When the late Francis Albertanti, public relations man extraordinary, lured Grantland Rice to the 1937 American Bowling Congress Tournament in New York City, bowling's officialdom rejoiced. Granny had resisted writing about the sport through the years, and ABC officers felt they had finally cracked the shell of his indifference. He was made comfortable in the official box with a fine view of 24 gleaming lanes in a flag-bedecked armory, and he was visibly impressed with 120 colorfully uniformed bowlers paraded to their places to martial music. But when the first game began, one bowler and then another threw balls into the "gutter," missing all 10 pins.
Rice turned to Albertanti and asked in surprise, "This is a championship?"
The PR man explained that many of the men bowling that night were beginners, others veterans far past their prime.
"Then what are they doing here?" Rice demanded, and he stalked out in disgust.
"What are they doing here?" is still being asked by spectators today in Syracuse, N.Y., host of the 55th annual ABC tournament. When the 72-day event ends June 8, some 27,000 bowlers will have competed for approximately $360,000 in prize money—America's largest sports participation tourney and one of its most spectacular. Of these, less than 1,000 appear to have even a remote chance to win a championship. What urged the more than 26,000 others to make the trek to Syracuse, a city with no particular tourist" attraction, from places as far off as California? What compels about 10,000 bowlers to follow the ABC to all sections of the U.S. year after year, often at great expense, despite the fact that they rarely share in the prize money?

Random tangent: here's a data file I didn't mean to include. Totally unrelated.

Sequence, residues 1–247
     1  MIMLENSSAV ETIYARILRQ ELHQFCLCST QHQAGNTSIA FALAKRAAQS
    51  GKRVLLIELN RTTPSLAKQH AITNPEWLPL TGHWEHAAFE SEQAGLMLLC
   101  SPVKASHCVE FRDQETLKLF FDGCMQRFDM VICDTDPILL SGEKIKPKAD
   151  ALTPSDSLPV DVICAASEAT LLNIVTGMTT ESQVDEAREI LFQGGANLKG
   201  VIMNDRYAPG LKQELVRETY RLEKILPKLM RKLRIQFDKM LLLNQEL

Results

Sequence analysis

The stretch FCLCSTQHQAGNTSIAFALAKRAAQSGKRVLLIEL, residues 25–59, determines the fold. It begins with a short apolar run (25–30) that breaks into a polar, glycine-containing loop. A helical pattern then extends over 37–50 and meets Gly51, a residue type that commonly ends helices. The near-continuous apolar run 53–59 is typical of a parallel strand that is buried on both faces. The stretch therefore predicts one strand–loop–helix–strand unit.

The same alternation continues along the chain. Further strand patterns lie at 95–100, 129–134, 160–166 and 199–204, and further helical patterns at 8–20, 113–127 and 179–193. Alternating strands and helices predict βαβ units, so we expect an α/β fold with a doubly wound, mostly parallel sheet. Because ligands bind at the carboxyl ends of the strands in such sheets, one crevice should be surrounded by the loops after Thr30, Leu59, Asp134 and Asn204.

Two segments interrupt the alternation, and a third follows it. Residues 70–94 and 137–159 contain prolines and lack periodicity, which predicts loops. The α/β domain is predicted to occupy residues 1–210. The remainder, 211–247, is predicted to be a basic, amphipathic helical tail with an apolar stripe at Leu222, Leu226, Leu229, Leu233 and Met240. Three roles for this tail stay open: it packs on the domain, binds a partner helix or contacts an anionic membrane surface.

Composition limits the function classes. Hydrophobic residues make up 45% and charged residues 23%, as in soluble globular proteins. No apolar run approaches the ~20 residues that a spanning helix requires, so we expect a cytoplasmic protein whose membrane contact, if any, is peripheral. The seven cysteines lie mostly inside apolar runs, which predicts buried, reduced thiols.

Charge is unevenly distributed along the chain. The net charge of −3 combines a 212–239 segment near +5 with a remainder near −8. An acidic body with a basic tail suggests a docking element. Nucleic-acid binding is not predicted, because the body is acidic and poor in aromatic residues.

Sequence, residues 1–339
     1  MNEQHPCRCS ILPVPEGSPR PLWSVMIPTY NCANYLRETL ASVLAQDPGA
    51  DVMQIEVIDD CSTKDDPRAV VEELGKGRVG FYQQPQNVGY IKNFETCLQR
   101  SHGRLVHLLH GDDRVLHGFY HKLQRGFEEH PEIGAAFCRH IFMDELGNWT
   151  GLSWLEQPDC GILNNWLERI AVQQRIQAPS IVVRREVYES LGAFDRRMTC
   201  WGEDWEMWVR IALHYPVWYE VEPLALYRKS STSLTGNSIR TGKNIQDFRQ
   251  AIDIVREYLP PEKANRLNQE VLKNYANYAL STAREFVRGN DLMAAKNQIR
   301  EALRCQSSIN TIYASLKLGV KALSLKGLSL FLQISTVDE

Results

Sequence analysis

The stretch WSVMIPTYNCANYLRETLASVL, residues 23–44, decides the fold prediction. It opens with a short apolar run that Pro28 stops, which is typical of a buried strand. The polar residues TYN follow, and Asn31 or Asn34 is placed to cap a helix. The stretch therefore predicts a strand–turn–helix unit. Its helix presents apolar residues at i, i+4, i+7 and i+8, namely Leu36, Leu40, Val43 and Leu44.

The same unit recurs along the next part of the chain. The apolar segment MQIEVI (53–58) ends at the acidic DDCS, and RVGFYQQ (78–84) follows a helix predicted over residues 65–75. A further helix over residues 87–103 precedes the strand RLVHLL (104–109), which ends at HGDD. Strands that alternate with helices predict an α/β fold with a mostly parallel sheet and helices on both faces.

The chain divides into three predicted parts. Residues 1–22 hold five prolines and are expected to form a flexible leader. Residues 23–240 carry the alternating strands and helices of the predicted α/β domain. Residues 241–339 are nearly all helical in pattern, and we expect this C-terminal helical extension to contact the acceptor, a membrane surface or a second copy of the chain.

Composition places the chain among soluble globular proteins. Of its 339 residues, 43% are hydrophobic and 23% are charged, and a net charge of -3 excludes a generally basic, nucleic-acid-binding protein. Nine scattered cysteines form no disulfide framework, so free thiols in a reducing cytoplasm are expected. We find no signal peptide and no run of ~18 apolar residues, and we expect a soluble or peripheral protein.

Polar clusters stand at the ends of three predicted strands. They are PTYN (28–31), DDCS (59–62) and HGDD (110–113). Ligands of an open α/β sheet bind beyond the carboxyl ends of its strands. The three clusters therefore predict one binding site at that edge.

"There is no single answer," Frank Baker, executive secretary of the ABC, said recently. "But I can tell you this. When the ABC bug bites you, you stay bitten."
Joe Meyers, who operates a gas station in University Heights, Ohio, was bitten in 1950.
"I entered because the tournament was near my home," Meyers said. "I didn't shoot well, but the feeling of being out there on the big floor...well, it did something to me. I wouldn't miss an ABC if they held it in Alaska." Thousands tell a similar story. At least 150 have competed in more than 25 tournaments.
On March 29, opening night at Syracuse, William Rydzewski and Art Series, captains, respectively, of the Romie's Alleys and Pinky's Alleys teams of Milwaukee, paid their entry fees for the 1959 tournament at St. Louis.
"We've been on most opening-night squads the past 18 years," Rydzewski, a post office employee, said. "We want to be sure of our spot again next year."